Even though everyone commits to reading at least two complete MSs, we've always had a number of people pick a third or fourth MS and sit in those sessions as well, schedule permitting.
The organizer has to do a fair amount of work in advance to make things run smoothly, and not just in scheduling and sending out invitations. Two months before the retreat, writers submit their first-fifties to everyone (through a mailing list, google docs, etc.). Every writer is expected to look over the first-fifties and send the organizer the titles of four to six complete MSs that they’re willing to read. A month before the retreat, the organizer assigns each person two full MSs to critique and creates a critique schedule for Thursday-Saturday that doesn’t have any conflicts. Then the dedicated readers communicate with the authors to determine delivery of the full MS. Many people keep working right up until the week before the retreat as long as that’s agreeable to their readers.
Some things we learned from our experience:
Right from the very beginning, we’ve shared the structure of the workshop publicly in case other writers wanted to copy the model and so that we could learn from their experience if they did. For example, Blue Heaven alum Sarah Kelly has founded Starry Heaven and is putting her own spin on the model.
Here are some things we’ve learned from organizing the first half dozen Blue Heavens:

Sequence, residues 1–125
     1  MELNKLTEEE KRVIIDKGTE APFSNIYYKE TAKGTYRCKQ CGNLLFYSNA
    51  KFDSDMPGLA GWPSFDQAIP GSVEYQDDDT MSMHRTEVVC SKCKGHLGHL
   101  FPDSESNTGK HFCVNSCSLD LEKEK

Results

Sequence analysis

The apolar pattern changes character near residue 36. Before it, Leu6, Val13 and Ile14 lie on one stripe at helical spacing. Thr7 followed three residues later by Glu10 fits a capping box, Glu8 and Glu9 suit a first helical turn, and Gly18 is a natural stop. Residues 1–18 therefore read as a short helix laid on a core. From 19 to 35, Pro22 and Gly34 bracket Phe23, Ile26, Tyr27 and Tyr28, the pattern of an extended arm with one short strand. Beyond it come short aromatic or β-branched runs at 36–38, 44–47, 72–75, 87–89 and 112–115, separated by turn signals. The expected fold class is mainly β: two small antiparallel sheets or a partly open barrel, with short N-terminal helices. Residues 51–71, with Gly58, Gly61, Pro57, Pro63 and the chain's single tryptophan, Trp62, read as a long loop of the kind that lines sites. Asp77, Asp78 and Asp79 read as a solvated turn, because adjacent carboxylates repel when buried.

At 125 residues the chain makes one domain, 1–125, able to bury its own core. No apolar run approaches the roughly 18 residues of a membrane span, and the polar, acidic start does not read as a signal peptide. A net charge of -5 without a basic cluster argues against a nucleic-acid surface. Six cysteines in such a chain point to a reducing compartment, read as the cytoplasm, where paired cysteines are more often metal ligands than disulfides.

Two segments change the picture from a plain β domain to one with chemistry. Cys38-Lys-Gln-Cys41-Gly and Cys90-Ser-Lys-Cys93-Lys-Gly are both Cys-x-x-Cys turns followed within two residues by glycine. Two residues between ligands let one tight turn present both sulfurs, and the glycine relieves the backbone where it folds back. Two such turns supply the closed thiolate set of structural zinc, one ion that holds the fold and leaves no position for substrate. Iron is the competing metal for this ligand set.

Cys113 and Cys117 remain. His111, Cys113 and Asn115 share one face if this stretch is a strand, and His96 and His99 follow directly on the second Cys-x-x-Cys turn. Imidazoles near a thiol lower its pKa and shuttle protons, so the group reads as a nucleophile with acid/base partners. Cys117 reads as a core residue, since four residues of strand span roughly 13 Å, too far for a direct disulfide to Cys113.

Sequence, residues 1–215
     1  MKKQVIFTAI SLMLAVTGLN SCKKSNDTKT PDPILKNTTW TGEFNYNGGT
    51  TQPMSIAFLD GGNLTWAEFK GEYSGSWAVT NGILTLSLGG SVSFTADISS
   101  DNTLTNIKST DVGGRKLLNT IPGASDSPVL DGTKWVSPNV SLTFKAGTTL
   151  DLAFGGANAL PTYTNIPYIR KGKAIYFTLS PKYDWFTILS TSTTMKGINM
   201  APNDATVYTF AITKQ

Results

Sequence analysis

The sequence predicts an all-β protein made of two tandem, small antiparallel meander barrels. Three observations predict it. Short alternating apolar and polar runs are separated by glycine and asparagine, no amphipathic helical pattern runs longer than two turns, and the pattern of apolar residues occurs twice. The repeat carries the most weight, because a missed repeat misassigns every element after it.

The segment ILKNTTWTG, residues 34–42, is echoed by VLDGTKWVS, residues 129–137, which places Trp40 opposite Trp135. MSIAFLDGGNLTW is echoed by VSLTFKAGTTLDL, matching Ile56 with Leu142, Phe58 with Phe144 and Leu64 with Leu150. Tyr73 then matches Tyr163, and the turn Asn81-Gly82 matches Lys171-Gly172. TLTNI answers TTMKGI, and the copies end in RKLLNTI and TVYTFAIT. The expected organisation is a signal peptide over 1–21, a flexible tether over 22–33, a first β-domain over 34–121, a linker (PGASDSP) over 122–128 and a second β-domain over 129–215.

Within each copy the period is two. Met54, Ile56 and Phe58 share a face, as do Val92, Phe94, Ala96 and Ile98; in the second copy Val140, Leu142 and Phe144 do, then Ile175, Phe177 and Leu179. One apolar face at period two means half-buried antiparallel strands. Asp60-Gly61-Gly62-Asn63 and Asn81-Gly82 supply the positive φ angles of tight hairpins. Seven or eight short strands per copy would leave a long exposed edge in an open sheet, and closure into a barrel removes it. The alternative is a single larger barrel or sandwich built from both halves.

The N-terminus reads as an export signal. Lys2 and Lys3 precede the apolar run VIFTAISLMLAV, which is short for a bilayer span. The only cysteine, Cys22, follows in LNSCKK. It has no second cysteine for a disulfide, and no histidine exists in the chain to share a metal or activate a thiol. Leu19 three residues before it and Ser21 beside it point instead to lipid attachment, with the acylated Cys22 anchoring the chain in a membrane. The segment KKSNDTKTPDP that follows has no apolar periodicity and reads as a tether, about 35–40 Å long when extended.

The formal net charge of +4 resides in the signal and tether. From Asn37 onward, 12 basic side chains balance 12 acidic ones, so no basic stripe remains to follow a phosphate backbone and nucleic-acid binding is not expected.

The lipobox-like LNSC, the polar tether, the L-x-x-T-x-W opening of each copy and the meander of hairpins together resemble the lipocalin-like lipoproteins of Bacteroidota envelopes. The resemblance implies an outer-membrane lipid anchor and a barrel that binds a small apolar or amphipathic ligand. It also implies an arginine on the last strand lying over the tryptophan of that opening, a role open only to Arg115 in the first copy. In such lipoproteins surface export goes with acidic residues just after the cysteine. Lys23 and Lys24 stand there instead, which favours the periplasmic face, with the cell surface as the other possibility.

- The size of the group is important. We’ve ranged from 11-13 writers and for us twelve seems to be the sweet spot. This workshop requires a significant commitment of time. Eleven first-fifties and two complete MSs are about as much as you can expect anyone to read. But twelve is still large enough to provide significant diversity of skill and opinion.
- Fit is important. Our experience is that it works best when we invite writers who are at about the same spot in our craft and careers. We were able to help each other so much the first two years because we were all struggling with similar issues. As more of us have sold books, the issues that concern us have changed. Personality is part of fit. If you’re going to spend a week locked in the same room with people, you want them to be people whose company you enjoy.
- Diversity is important. We've had our best experiences when we balanced types of genres to encourage cross-fertilization, high energy personalities with quiet thoughtful types, and different skill sets (like plot-focused writers vs. sentence-focused writers).
- Professionalism is important. For the career discussions, we always agree on a "cone of silence" so that people can speak freely about their personal experience without worrying about gossip later. So far that’s always been respected. (Another advantage of having a smaller group.)
- We have developed a strong bias against pre-tiquing, the practice of sharing critiques in advance of the actual session, even if it’s just with a small group and the writer’s not present. This is simply more fair to the writer. In addition, it keeps the workshop more focused, avoids groupthink in the crits, and allows for time outside critiques to be more open for fun.
If there's anything else you want to know, just ask, and I'll do my best to answer.